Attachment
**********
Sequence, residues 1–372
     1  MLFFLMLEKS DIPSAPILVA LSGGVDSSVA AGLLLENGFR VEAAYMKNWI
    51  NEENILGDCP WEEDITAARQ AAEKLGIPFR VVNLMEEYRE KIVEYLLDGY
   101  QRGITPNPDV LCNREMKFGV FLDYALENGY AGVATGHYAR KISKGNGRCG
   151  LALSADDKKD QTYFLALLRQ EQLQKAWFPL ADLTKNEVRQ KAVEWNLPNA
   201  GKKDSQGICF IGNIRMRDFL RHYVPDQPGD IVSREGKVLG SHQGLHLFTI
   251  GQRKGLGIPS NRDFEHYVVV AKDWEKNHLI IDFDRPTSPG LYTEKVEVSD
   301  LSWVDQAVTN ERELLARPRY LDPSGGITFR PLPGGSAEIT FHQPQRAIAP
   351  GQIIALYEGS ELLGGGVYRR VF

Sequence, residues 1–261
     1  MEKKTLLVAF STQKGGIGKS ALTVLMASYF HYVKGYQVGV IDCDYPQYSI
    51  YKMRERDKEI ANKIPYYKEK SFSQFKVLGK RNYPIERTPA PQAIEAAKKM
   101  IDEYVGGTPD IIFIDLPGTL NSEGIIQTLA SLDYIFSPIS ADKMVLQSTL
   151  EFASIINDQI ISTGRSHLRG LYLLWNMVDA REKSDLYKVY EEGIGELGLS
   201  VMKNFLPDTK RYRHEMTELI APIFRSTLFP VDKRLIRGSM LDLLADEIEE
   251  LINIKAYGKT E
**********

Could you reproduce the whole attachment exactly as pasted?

Sequence, residues 1–372
     1  MLFFLMLEKS DIPSAPILVA LSGGVDSSVA AGLLLENGFR VEAAYMKNWI
    51  NEENILGDCP WEEDITAARQ AAEKLGIPFR VVNLMEEYRE KIVEYLLDGY
   101  QRGITPNPDV LCNREMKFGV FLDYALENGY AGVATGHYAR KISKGNGRCG
   151  LALSADDKKD QTYFLALLRQ EQLQKAWFPL ADLTKNEVRQ KAVEWNLPNA
   201  GKKDSQGICF IGNIRMRDFL RHYVPDQPGD IVSREGKVLG SHQGLHLFTI
   251  GQRKGLGIPS NRDFEHYVVV AKDWEKNHLI IDFDRPTSPG LYTEKVEVSD
   301  LSWVDQAVTN ERELLARPRY LDPSGGITFR PLPGGSAEIT FHQPQRAIAP
   351  GQIIALYEGS ELLGGGVYRR VF

Sequence, residues 1–261
     1  MEKKTLLVAF STQKGGIGKS ALTVLMASYF HYVKGYQVGV IDCDYPQYSI
    51  YKMRERDKEI ANKIPYYKEK SFSQFKVLGK RNYPIERTPA PQAIEAAKKM
   101  IDEYVGGTPD IIFIDLPGTL NSEGIIQTLA SLDYIFSPIS ADKMVLQSTL
   151  EFASIINDQI ISTGRSHLRG LYLLWNMVDA REKSDLYKVY EEGIGELGLS
   201  VMKNFLPDTK RYRHEMTELI APIFRSTLFP VDKRLIRGSM LDLLADEIEE
   251  LINIKAYGKT E